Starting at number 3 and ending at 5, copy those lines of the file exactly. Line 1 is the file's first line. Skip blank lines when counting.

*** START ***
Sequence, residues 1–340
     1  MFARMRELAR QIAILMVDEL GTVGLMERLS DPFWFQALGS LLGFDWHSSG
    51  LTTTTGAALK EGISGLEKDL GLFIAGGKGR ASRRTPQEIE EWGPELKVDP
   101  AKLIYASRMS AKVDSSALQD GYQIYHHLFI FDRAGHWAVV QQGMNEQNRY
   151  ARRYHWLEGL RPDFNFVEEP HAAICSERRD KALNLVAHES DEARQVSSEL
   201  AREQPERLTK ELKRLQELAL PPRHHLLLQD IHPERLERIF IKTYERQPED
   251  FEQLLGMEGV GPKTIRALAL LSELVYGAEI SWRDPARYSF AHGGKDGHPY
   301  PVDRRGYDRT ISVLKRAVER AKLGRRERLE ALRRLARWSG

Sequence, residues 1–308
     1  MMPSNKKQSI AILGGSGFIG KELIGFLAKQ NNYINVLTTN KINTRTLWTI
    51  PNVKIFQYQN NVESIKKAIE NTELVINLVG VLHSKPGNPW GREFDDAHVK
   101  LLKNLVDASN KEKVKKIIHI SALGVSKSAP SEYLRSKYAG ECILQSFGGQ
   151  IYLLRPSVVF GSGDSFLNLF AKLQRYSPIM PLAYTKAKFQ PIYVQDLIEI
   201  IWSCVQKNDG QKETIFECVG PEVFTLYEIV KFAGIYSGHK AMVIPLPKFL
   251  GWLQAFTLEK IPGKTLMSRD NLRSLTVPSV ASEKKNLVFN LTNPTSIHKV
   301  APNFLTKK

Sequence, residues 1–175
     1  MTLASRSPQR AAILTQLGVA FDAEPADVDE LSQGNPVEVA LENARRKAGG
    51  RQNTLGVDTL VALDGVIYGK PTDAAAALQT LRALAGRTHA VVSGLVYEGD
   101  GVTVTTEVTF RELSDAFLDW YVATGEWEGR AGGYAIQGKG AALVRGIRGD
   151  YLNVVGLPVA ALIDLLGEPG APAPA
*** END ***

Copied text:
    51  LTTTTGAALK EGISGLEKDL GLFIAGGKGR ASRRTPQEIE EWGPELKVDP
   101  AKLIYASRMS AKVDSSALQD GYQIYHHLFI FDRAGHWAVV QQGMNEQNRY
   151  ARRYHWLEGL RPDFNFVEEP HAAICSERRD KALNLVAHES DEARQVSSEL